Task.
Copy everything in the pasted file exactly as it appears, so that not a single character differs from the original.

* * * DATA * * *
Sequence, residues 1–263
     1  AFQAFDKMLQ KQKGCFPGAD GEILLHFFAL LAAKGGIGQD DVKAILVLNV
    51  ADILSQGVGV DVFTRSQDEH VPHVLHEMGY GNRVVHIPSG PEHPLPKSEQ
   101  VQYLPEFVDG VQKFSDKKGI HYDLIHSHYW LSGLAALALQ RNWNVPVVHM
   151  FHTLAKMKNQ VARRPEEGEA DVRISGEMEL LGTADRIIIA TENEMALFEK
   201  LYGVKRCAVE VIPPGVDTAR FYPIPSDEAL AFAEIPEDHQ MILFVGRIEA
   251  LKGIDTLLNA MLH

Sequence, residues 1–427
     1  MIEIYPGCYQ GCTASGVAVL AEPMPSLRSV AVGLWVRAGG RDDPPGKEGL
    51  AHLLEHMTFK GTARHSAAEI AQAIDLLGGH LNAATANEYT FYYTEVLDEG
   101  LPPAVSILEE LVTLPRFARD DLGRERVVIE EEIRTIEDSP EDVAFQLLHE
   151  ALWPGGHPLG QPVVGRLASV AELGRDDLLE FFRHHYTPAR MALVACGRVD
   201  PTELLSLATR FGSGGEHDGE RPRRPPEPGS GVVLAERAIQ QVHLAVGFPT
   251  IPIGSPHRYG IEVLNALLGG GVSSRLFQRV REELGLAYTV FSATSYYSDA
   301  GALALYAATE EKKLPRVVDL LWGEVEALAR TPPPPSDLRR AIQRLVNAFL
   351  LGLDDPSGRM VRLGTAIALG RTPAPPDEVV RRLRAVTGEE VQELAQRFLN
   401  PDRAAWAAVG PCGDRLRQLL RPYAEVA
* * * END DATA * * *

Sequence, residues 1–263
     1  AFQAFDKMLQ KQKGCFPGAD GEILLHFFAL LAAKGGIGQD DVKAILVLNV
    51  ADILSQGVGV DVFTRSQDEH VPHVLHEMGY GNRVVHIPSG PEHPLPKSEQ
   101  VQYLPEFVDG VQKFSDKKGI HYDLIHSHYW LSGLAALALQ RNWNVPVVHM
   151  FHTLAKMKNQ VARRPEEGEA DVRISGEMEL LGTADRIIIA TENEMALFEK
   201  LYGVKRCAVE VIPPGVDTAR FYPIPSDEAL AFAEIPEDHQ MILFVGRIEA
   251  LKGIDTLLNA MLH

Sequence, residues 1–427
     1  MIEIYPGCYQ GCTASGVAVL AEPMPSLRSV AVGLWVRAGG RDDPPGKEGL
    51  AHLLEHMTFK GTARHSAAEI AQAIDLLGGH LNAATANEYT FYYTEVLDEG
   101  LPPAVSILEE LVTLPRFARD DLGRERVVIE EEIRTIEDSP EDVAFQLLHE
   151  ALWPGGHPLG QPVVGRLASV AELGRDDLLE FFRHHYTPAR MALVACGRVD
   201  PTELLSLATR FGSGGEHDGE RPRRPPEPGS GVVLAERAIQ QVHLAVGFPT
   251  IPIGSPHRYG IEVLNALLGG GVSSRLFQRV REELGLAYTV FSATSYYSDA
   301  GALALYAATE EKKLPRVVDL LWGEVEALAR TPPPPSDLRR AIQRLVNAFL
   351  LGLDDPSGRM VRLGTAIALG RTPAPPDEVV RRLRAVTGEE VQELAQRFLN
   401  PDRAAWAAVG PCGDRLRQLL RPYAEVA